I stayed a few more months at the parts store, but I wanted more and I had to move on.
We often, like this man and Hamlet, must "take arms against a sea of troubles, and by opposing end them" (Act 3, scene 1, ll. 59–60). And sometimes the cost is very high. It was for Christ, it was for Joseph Smith, and it was for this lone man who counted the cost there in the Potomac--and paid it. It is not easy to go without--without physical gratifications or spiritual assurances or material possessions--but sometimes we must since there is no guarantee of convenience written into our Christian covenant. We must work hard and do right, as Abraham Lincoln said, and sometimes our chance will come. And when we've tried, really tried, and waited for what seemed never to be ours, then "the angels came and ministered unto him." For that ministration in your life I pray in the name of Jesus Christ. Amen.
I'll take an earnest person over a hip person every time, because hip is short-term. Earnest is long-term.
Earnestness is highly underestimated. It comes from the core, while hip is trying to impress you with the surface.
"Hip" people love parodies. But there's no such thing as a timeless parody, is there? I have more respect for the earnest guy who does something that can last for generations, and that hip people feel the need to parody.
When I think of someone who is earnest, I think of a Boy Scout who works hard and becomes an Eagle Scout. When I was interviewing people to work for me, and I came upon a candidate who had been an Eagle Scout, I'd almost always try to hire him. I knew there had to be an earnestness about him that outweighed any superficial urges toward hipness.
Think about it. Becoming an Eagle Scout is just about the only thing you can put on your resume at age fifty that you did at age fourteen - and it still impresses.
Enduring to the end is a process filling every minute of our life, every hour, every day, from sunrise to sunrise. It is accomplished through personal discipline following the commandments of God.
The restored gospel of Jesus Christ is a way of life. It is not for Sunday only. It is not something we can do only as a habit or a tradition if we expect to harvest all of its promised blessings. “Be not deceived; God is not mocked: for whatsoever a man soweth, that shall he also reap” (Galatians 6:7).
Enduring to the end implies “patient continuance in well doing” (Romans 2:7), striving to keep the commandments (see 2 Nephi 31:10), and doing the works of righteousness (see D&C 59:23). It requires sacrifice and hard work. To endure to the end, we need to trust our Father in Heaven and make wise choices, including paying our tithes and offerings, honoring our temple covenants, and serving the Lord and one another willingly and faithfully in our Church callings and responsibilities. It means strength of character, selflessness, and humility; it means integrity and honesty to the Lord and our fellowmen. It means making our homes strong places of defense and a refuge against worldly evils; it means loving and honoring our spouses and children.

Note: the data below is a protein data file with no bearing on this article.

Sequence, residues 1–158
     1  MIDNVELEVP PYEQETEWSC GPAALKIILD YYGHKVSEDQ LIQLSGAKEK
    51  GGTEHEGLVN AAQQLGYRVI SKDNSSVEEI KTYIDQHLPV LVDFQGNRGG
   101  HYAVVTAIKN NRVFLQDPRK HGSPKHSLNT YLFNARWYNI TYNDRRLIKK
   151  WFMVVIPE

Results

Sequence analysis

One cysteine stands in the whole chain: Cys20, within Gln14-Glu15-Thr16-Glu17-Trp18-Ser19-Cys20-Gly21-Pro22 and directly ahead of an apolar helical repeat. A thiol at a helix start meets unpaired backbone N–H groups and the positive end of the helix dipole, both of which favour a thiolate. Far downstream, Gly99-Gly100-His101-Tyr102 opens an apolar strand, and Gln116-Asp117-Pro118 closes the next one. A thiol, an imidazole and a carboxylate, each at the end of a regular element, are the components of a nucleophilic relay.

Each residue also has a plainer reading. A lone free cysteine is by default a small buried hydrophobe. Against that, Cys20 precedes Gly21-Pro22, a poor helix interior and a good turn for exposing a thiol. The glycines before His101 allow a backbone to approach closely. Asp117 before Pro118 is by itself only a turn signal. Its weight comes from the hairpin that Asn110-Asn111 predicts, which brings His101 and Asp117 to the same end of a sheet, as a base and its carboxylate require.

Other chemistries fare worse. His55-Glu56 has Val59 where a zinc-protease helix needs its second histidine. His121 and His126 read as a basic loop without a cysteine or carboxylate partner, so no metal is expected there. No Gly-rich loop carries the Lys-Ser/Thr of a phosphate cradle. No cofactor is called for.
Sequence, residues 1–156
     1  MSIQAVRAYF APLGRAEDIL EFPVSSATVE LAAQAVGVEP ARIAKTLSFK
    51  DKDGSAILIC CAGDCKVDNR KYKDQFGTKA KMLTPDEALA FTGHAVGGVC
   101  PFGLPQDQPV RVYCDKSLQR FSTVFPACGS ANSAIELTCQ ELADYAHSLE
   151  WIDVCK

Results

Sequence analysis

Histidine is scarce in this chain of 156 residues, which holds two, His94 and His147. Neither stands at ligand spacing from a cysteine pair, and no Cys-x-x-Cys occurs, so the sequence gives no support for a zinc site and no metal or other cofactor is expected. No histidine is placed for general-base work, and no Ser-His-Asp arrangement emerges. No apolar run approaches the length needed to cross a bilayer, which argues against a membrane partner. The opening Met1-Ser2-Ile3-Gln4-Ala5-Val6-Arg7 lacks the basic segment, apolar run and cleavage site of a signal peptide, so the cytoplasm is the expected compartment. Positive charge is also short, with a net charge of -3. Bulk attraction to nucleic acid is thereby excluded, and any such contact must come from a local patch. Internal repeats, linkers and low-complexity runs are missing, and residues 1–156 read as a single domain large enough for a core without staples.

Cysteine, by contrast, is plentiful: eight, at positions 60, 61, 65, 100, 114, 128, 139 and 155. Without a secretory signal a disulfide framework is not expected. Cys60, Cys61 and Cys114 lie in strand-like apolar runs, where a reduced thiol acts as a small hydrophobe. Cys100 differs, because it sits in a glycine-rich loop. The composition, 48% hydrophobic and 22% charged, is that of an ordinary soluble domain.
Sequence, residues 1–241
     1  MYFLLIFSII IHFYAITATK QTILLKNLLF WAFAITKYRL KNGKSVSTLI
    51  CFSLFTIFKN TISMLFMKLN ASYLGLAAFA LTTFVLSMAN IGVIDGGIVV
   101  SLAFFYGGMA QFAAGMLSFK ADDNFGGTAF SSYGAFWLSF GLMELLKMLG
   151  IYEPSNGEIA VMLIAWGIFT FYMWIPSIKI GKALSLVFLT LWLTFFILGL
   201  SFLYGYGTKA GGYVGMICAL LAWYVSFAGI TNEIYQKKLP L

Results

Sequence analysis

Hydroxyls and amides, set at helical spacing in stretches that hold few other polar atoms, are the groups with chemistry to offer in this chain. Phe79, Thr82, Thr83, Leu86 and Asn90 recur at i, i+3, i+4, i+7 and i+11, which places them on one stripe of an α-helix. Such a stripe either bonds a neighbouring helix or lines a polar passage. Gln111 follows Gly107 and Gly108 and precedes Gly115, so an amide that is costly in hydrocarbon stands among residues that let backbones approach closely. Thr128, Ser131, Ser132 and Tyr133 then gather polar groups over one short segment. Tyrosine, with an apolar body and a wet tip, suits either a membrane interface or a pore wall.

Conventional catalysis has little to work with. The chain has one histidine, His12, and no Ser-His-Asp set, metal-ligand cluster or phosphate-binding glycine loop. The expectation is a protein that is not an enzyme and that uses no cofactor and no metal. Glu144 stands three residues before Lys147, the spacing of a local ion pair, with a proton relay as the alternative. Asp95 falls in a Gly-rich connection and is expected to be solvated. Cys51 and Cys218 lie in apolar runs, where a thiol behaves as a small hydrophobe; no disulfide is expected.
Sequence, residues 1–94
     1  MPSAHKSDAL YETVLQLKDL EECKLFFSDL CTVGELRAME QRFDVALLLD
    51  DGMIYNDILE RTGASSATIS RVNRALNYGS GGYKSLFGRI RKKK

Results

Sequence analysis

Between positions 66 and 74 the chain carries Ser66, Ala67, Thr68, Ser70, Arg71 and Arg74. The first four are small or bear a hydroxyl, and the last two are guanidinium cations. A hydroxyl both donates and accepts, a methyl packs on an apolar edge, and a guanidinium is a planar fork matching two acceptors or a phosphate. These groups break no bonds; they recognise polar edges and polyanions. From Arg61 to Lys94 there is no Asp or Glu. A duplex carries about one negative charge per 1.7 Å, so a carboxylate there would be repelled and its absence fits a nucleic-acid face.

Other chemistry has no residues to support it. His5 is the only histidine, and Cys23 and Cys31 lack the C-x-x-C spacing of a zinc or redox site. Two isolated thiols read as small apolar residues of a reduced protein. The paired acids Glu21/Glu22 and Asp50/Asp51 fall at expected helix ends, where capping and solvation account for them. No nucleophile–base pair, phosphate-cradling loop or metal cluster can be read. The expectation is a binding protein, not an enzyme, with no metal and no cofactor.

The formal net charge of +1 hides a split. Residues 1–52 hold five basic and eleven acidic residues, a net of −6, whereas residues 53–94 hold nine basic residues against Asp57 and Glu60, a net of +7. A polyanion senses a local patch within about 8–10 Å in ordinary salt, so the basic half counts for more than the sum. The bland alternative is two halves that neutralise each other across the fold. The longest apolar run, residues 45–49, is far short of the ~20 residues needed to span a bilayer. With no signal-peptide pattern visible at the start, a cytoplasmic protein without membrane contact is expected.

By doing our best to endure to the end, a beautiful refinement will come into our lives. We will learn to “do good to them that hate [us], and pray for them which despitefully use [us]” (Matthew 5:44). The blessings that come to us from enduring to the end in this life are real and very significant, and for the life to come they are beyond our comprehension.
The Bible states that we reap what we sow. The most fertile soil in the world is barren unless seeds have been properly planted, cultivated, and nurtured. The relationship between giving and getting is constant in everything you do. To succeed in any endeavor, you must first invest a generous portion of your time and talents if you expect ever to earn a return on your investment. You have to give before you get. It’s all a matter of attitude. You may occasionally be disappointed if you are not rewarded for your efforts, but if you demand payment for your services before you render them, you can expect a lifetime of disappointment and frustration. If you cheerfully do your best before asking for any compensation, you can expect a bountiful harvest of the greatest rewards life has to offer.